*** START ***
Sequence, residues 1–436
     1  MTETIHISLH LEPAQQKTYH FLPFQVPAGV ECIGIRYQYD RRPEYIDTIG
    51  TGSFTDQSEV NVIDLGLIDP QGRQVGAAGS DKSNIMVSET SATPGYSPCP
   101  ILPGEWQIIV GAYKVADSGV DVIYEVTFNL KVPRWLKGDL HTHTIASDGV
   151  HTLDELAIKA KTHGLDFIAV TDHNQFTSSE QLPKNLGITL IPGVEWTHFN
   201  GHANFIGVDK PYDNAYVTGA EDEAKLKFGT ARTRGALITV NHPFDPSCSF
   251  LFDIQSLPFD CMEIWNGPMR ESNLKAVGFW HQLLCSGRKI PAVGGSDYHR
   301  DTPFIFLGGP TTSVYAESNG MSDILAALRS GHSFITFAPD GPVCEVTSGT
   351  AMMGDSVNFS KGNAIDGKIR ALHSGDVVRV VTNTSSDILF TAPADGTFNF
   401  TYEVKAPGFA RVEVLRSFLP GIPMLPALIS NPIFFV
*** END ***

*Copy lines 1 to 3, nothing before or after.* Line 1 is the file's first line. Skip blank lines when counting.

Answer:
Sequence, residues 1–436
     1  MTETIHISLH LEPAQQKTYH FLPFQVPAGV ECIGIRYQYD RRPEYIDTIG
    51  TGSFTDQSEV NVIDLGLIDP QGRQVGAAGS DKSNIMVSET SATPGYSPCP